A Win For All The Flyweights

It only took 32 seconds. That was enough for Henry Cejudo to make his point.

“This is a flyweight,” he laughed. “These are the guys that are boring.”

Cejudo was all smiles as he sat at the dais in Brooklyn’s Barclays Center following his stoppage of TJ Dillashaw in last Saturday’s UFC Fight Night main event. And why wouldn’t he be smiling? In less than a minute, he had defeated the UFC bantamweight champion, putting a stamp on a record-breaking night on ESPN+ that made a case for a division under fire.

“This win wasn’t just for me, but for every flyweight out there that wanted the opportunity to fight for a world title someday,” he said. “I put them on the map.”

With his SuperFight being the headliner for the card kicking off the relationship between the UFC and ESPN, the 31-year-old champ had the platform to make a case for the promotion to keep the 125-pound weight class going. And with not just that pressure, but the pressure of defending his crown against a hungry challenger on his shoulders, Cejudo delivered, as he hurt Dillashaw early and didn’t let him off the hook.

“I felt his body go limp,” Cejudo said. “Every blow that he took, he was eating some hammers. Personally, I thought it was a good stoppage because he was gonna take another 10-20 hits.”

Some disagreed with referee Kevin MacDonald, Dillashaw being the most vocal of those critics, but Cejudo isn’t taking it personally.

“I think partially what makes TJ good is that he is a sore loser,” he said. “So am I. But at least I’m able to accept it and get better from it.”

And Cejudo made it clear as soon as the bout ended that he is more than willing to run it back with the bantamweight king, preferably at bantamweight.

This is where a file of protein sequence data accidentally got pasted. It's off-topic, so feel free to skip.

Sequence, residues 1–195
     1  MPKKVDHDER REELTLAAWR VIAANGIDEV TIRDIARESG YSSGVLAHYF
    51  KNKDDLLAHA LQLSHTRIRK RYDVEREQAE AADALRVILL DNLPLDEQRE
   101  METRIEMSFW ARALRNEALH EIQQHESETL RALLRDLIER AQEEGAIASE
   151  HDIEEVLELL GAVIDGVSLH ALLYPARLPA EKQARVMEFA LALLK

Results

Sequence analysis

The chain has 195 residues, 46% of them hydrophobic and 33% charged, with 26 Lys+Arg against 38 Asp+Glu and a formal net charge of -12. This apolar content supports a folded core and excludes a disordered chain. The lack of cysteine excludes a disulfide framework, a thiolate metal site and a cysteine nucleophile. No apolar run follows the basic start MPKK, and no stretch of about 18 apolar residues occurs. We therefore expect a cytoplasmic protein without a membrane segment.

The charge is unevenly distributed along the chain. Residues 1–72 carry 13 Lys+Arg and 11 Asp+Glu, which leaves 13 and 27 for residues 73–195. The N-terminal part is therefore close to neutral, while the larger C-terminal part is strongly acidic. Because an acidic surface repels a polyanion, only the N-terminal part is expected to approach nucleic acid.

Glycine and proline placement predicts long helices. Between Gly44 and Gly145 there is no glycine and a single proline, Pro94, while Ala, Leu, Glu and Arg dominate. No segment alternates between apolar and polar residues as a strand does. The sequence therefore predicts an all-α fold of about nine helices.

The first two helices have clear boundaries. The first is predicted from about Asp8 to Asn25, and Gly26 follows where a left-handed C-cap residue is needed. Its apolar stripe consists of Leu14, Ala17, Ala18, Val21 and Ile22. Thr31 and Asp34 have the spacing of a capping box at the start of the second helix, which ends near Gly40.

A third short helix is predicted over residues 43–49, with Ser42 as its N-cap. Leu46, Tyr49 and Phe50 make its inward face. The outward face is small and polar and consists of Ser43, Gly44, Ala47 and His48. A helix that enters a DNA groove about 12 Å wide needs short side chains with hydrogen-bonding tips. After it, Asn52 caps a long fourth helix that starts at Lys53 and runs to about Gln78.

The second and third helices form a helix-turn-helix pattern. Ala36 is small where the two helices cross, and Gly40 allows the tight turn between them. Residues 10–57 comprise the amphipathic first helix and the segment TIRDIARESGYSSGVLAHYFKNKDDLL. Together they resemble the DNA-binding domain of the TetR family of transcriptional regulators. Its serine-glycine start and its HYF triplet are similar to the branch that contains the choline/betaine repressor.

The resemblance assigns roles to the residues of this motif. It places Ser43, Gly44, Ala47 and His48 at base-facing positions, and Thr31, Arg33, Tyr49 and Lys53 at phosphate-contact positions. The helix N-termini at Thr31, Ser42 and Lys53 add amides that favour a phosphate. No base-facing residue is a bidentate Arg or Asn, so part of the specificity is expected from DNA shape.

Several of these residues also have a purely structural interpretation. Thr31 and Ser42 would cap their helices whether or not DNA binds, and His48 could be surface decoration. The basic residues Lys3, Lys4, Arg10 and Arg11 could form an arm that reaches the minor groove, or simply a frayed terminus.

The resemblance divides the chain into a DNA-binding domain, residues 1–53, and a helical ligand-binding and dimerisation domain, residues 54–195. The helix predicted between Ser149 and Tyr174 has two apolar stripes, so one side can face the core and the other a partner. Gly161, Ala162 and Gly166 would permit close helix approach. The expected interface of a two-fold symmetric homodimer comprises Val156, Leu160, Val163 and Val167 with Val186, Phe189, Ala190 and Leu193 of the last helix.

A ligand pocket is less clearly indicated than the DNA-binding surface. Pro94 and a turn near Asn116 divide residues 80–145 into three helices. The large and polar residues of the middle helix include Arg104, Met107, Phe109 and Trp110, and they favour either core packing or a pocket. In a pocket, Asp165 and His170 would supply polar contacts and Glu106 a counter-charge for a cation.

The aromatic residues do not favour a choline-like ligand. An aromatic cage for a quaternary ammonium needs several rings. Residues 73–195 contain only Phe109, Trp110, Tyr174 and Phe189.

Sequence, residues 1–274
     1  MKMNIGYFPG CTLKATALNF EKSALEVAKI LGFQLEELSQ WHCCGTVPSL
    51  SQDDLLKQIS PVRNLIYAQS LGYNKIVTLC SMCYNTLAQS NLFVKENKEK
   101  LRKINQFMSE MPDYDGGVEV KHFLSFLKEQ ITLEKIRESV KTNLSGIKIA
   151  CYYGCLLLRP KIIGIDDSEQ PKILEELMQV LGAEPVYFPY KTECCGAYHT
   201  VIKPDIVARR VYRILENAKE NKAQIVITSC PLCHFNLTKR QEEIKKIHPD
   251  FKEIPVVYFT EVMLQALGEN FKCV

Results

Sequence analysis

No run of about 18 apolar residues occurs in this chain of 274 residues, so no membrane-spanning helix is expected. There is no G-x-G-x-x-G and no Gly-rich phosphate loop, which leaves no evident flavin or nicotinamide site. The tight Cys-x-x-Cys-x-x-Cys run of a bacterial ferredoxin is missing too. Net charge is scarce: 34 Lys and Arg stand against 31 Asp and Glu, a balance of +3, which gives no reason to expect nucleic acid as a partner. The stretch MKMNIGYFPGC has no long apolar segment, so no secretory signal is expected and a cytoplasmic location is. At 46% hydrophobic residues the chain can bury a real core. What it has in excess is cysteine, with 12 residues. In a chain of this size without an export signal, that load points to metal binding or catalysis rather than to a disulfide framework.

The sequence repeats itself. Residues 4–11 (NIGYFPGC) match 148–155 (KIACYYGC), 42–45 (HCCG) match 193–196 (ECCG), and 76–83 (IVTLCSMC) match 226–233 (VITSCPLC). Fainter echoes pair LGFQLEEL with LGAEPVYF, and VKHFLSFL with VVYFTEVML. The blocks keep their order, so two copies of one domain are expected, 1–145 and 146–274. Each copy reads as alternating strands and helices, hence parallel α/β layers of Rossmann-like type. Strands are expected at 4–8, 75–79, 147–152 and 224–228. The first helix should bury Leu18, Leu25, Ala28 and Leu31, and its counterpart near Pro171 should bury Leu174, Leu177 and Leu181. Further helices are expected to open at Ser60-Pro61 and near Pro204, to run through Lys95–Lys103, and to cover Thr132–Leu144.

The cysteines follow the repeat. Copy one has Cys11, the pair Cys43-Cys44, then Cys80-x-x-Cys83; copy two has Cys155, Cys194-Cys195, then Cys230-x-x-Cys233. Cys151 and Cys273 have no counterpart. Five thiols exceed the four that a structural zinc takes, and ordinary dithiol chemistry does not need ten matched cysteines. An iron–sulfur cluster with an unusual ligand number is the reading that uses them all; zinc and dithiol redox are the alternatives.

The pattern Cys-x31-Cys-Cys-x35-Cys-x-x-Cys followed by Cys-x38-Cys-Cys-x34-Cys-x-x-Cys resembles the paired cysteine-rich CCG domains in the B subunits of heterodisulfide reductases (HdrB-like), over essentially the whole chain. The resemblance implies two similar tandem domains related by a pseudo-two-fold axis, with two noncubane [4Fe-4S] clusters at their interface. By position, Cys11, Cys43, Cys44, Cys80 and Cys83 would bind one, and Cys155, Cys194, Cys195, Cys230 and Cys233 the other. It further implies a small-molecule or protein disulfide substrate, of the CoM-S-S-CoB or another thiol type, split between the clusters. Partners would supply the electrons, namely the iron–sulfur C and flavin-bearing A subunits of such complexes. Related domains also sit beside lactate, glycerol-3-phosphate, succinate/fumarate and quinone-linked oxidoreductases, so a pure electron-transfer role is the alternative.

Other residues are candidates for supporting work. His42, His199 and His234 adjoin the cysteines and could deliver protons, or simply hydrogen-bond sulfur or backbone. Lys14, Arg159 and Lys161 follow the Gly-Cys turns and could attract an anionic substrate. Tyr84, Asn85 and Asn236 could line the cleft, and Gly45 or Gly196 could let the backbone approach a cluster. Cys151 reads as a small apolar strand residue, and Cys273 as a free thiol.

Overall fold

“It’s open,” Cejudo said of where he would like to fight Dillashaw again. “I got the gold. The guy with the gold makes the rules.”

And if he has his way, the guy with the gold will chase more of it at 135 pounds.

“I think I have the right to say, ‘Hey, give me a shot now.’”

It’s a good place to be in, and Cejudo is embracing it, because every fight is a big one now, even it does mean that he’s got a target on his back.

“Everybody wants a piece of you now,” he said. “There’s going to be a lot of naysayers. When am I gonna get the respect that I need, that I deserve? But it doesn’t even bother me anymore because I’ve got the credentials to prove it. And that’s all there is to it.”

An Olympic gold medal. A UFC title. Wins over Demetrious Johnson and Dillashaw. Yeah, those credentials are pretty solid. But Cejudo is willing to take on another title if he can be the man who saved the flyweights.

“Don’t underestimate the little guys,” he said. “Don’t underestimate the flyweights. Demetrious Johnson reigned for a long time. He displayed the art, poetry in motion, and now I’m going in there and taking out the bantamweight champ. What’s not exciting about it?”

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